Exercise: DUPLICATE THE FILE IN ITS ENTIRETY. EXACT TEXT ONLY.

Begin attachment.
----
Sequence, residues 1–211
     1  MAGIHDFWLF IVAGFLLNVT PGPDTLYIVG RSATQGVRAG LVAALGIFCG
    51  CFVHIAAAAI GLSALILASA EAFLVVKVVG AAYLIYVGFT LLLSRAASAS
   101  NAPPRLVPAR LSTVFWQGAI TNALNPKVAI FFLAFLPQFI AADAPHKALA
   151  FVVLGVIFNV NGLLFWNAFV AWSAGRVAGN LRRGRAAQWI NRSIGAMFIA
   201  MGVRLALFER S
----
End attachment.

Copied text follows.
Sequence, residues 1–211
     1  MAGIHDFWLF IVAGFLLNVT PGPDTLYIVG RSATQGVRAG LVAALGIFCG
    51  CFVHIAAAAI GLSALILASA EAFLVVKVVG AAYLIYVGFT LLLSRAASAS
   101  NAPPRLVPAR LSTVFWQGAI TNALNPKVAI FFLAFLPQFI AADAPHKALA
   151  FVVLGVIFNV NGLLFWNAFV AWSAGRVAGN LRRGRAAQWI NRSIGAMFIA
   201  MGVRLALFER S